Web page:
They had the wise shepherds;
you have each other.
A Canadian who lived for a decade in
the Maldives, where the population
is almost entirely Muslim, recently
asked, "How can people of
one faith reconcile with adherents
of another if they essentially
dislike each other?"
He went on, "Some Maldives' residents
say that most pornography is produced
in Christian countries."
If so, should you and I
not point out that most Christians
are just as concerned about this
particular species of hate crime
against women and children as
are Muslims? No doubt, those who produce, for example, child
pornography are members of no
My friend from the Maldives, who is
a Christian, introduced another
When talking to persons
of other faiths, he thinks it
prudent to call himself a "Follower
of Jesus" to separate himself
from the Crusades, Inquisition
and other understandably very
bad memories for people of some
You will perhaps be saying to yourselves,
"But what about all the terrible
things done in Sudan and elsewhere
purposely in the name of another
The answer must be that
anyone who kills or brutalizes
people in the name of any
religion, whether it be Christianity,
Islam, Judaism, Hinduism or whatever,
dishonours their faith terribly.
Let me know offer a true story of Christian-Muslim
reconciliation from Sudan.
In 1971, as you know, Joseph Lagu was
the leader in southern Sudan during
the first civil war.
A plane from the North
crashed one day in an area held
by Lagus' troops, with 29 survivors.
The cry was for death,
but Lagu insisted on reflecting
overnight. He recalled that Jesus asked how many things
one should forgive, replied "seventy
The prisoners were accordingly
released unharmed the next morning
Their account to Khartoun
helped to persuade the government
of the day to sign the Addis Ababa
agreement, which ended the conflict
for more than ten years.
Two decades later, Lagu and another
general, Mohamed Al-Abdeen, a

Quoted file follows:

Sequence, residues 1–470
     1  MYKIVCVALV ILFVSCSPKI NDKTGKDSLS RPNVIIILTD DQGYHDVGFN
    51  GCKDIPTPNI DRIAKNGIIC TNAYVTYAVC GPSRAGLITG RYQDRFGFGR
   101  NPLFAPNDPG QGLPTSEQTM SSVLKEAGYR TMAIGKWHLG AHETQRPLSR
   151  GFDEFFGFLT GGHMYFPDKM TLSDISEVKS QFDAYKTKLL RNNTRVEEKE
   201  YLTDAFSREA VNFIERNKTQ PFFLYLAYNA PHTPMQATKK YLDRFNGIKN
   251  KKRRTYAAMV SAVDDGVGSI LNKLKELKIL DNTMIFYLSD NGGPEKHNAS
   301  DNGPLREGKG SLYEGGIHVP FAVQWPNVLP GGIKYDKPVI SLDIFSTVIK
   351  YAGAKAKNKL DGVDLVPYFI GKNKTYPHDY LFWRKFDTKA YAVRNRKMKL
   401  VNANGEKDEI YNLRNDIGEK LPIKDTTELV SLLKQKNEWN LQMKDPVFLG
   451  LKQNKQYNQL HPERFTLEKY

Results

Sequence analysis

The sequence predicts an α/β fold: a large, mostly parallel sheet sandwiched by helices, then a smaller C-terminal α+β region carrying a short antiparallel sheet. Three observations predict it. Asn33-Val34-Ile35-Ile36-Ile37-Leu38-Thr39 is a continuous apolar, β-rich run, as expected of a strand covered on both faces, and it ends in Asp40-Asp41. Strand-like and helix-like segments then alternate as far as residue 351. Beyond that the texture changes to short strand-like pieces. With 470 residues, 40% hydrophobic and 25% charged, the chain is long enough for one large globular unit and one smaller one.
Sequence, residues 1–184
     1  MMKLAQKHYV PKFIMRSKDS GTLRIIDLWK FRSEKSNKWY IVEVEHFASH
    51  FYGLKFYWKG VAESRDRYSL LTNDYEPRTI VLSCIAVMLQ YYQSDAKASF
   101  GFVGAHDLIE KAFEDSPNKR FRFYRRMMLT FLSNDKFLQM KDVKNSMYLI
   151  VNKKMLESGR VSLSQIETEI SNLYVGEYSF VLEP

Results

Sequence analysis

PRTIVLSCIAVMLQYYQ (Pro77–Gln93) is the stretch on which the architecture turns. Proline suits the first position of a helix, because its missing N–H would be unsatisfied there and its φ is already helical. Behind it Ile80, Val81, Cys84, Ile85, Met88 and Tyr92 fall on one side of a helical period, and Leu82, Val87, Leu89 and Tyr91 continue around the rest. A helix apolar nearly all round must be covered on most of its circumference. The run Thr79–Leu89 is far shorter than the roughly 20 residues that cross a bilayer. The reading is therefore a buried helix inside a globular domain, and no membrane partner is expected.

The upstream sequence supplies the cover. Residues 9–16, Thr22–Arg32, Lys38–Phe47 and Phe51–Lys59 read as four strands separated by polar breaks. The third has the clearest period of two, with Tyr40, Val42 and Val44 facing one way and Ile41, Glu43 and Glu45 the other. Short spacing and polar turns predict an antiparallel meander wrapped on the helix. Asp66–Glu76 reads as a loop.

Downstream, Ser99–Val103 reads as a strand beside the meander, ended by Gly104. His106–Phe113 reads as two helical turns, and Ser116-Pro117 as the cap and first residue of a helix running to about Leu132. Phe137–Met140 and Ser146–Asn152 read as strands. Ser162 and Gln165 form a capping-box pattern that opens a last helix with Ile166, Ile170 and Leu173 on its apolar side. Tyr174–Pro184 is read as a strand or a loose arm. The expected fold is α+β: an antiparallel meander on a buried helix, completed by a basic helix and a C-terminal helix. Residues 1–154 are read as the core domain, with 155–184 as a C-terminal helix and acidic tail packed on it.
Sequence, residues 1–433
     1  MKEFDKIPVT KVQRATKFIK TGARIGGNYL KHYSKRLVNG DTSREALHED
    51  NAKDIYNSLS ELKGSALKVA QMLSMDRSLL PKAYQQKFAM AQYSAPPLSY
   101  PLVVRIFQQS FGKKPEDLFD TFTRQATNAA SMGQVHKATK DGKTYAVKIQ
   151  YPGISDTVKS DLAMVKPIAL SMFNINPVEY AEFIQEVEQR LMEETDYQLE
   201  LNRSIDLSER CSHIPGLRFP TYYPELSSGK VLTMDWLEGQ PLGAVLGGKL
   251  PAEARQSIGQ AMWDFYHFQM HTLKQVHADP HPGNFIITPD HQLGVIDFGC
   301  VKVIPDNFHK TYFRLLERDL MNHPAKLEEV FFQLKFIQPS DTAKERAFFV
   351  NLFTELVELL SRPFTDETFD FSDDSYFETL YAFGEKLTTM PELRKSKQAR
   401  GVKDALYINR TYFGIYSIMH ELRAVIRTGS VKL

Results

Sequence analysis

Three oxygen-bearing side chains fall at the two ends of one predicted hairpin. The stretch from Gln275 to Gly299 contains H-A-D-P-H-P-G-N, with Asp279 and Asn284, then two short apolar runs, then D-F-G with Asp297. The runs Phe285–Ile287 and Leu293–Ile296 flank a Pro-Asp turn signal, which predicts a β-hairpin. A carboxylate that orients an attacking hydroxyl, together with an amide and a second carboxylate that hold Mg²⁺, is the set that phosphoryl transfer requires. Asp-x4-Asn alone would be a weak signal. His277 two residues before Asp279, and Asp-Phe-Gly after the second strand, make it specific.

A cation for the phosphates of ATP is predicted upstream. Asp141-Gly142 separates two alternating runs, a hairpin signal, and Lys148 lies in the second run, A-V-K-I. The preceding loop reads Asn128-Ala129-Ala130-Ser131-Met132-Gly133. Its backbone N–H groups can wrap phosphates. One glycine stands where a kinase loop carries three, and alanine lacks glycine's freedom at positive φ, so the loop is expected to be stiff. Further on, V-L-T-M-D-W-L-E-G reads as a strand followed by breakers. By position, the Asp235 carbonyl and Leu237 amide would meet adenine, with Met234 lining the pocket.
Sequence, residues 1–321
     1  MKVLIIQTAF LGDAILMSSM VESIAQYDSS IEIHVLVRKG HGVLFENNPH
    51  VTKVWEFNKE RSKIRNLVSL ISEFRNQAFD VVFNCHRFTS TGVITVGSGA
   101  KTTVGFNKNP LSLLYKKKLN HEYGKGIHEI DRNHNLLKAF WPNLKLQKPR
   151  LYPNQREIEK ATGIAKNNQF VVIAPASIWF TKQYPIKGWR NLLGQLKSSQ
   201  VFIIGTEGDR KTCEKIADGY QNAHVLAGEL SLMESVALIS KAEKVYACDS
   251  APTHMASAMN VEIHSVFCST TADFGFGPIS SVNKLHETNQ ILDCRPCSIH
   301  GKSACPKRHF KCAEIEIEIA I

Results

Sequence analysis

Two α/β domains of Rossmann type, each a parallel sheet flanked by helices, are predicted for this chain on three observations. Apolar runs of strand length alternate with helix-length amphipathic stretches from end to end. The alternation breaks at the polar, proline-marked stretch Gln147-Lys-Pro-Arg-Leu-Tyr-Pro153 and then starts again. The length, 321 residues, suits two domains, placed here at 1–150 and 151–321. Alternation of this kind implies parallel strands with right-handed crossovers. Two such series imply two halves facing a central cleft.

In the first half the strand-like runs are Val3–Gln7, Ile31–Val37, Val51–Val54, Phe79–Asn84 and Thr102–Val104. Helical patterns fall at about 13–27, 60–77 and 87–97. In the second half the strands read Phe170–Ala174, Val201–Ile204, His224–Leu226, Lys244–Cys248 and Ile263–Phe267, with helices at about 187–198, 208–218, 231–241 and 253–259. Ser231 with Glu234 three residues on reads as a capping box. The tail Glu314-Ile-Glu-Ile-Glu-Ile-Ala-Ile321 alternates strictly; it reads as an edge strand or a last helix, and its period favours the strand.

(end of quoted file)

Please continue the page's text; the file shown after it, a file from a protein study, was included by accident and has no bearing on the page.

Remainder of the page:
Muslim and a northerner, together
shared a podium at a spiritual
retreat at Caux, Switzerland.
The northerner told the
audience: "We generals are
living in the same room, very
He (Lagu) starts in the
morning reading his Bible.
I read the Koran.
I have got something which
we can share together because
we believe in the same God. A just and lasting peace can only be achieved
through a process of reconciliation,
compromise and confidence-building."
President Obasanjo of Nigeria, who
knows well the difficulties in
reconciling faith, politics and
spirituality, has said. "true
believers, be they Muslims or
Christians, know all humans are
created by God and ought not be
harmed, but could."
of Sudanese Women
mention briefly the changing role
of women and men in Sudan as a
consequence of the civil war,
which has gone on, with some periods
of peace, since 1955, and the
resulting deaths and displacements
of so many million civilians of
all ages across the country.
Once, family security and the provision
of a home were the responsibility
of fathers, but today many mothers
make key decisions about where
to live, what to ear, what to
eat and how to manage the finances.
Far too many Sudanese mothers
are today the only breadwinners.
They provide security to
the children while fathers are
fighting on the front line with
either the SPLA or the Government
of Sudan. Others are in prisons or have been otherwise
separated from their families.
Consider what our dear friend Justin
Laku has found Baba Maali saying
about African women: